Shame affects us in many ways. While always unpleasant, we react to it differently. Most of us run from it. As a matter of fact, we all have at one time or another. A few turn course and run to it. Those are the ones who overcome shame.
Shame is an emotion, which means it’s in our minds. We conjure it up and react to what we create. It’s all in our heads. Easier said than done, I know. But if we look at shame this way, it’s easier to overcome, easier to run toward.
Shame is like one of Don Quixote’s delusions. We give it power over us. But we can also take it away – by facing it. We’re all self-conscious by nature. Some figure out how to fight through it. As the saying goes, you can only be brave if you’re already fearful.
I suppose I’m talking to myself. Outwardly, I project that I’m writing for the chronic pain and harm reduction community. Deep inside though, I feel at times that I’m writing to myself. Perhaps by talking to myself aloud, I’m talking to everyone all at once. That’s the power of writing. It takes flittering thoughts and codifies it into words. In the process, it converts shame to confidence. It’s cathartic alchemy. Or it’s alchemic catharsis. Who knows? All I know is that it works for me. And I think it can work for you. That’s why I encourage disenfranchised patients to tell their stories.
Write it. Tell it. Find a medium and commit to it. Express yourself. It doesn’t have to be big. Look at Daily Remedy. Three years in and we haven’t cracked a thousand followers on any social media platform. My voice may be small, but it’s still heard – at least by those who need to hear it.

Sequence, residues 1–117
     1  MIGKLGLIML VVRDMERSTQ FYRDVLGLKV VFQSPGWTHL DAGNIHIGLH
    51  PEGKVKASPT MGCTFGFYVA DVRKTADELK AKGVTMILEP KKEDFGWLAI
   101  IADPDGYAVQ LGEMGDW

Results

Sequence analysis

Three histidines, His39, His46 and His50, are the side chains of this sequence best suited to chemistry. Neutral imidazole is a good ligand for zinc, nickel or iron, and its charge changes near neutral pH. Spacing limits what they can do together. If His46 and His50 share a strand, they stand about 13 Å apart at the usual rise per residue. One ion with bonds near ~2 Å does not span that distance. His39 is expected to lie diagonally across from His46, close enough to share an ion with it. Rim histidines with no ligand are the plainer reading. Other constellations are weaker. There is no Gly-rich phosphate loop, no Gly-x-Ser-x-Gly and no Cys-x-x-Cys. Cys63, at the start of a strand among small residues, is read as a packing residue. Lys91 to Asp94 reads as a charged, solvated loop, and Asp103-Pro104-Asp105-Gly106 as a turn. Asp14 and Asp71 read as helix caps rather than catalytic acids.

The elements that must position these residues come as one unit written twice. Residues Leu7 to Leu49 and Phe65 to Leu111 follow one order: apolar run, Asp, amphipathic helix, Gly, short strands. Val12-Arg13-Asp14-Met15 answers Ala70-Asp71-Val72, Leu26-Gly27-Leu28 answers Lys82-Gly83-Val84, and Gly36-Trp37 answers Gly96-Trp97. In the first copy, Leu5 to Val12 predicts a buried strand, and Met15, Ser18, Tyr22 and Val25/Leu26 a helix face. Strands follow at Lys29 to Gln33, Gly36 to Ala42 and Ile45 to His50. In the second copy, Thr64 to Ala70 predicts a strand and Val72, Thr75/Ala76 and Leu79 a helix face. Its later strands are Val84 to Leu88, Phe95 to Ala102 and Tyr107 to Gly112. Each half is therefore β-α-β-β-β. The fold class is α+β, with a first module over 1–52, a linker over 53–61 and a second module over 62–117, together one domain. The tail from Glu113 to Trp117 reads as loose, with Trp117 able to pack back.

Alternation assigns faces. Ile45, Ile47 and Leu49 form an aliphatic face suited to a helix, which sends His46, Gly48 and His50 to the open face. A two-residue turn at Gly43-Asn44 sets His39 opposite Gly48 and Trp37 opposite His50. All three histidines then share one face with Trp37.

Which is the point of writing; writers, true to their message, exist for their readers. And if done well, readers identify parts of themselves through the writers they follow. It’s a relationship. It’s not meant for outsiders. So, followers or not, write for those who you believe need to read your thoughts and leave it at that.
That group is larger than you might think. Shame is far more pervasive than we believe. That’s one of its tricks. Shame deludes you into thinking you’re alone. So you hide in fear. But if you confront shame, turn thoughts into words, then you’ll find an audience larger than you’d imagine – but more importantly, more relatable.
We’re all experiencing some level of shame, some more overtly than others. It’s a shared experience.
Tell your story. People want to hear it. People need to hear it. Throughout history, the voices of those who had to courage to speak amidst great shame were the ones people remembered the most. Sometimes it happens instantaneously, sometimes later, but eventually, every voice is heard.
To the many disenfranchised patients, to those who left a clinical encounter in shame, remember, that cage of isolation you find yourself trapped in is nothing more than a self-contained prison. It’s a construct of your mind. Your own shame keeps your bound. Break free and tell your story. I’m telling mine.
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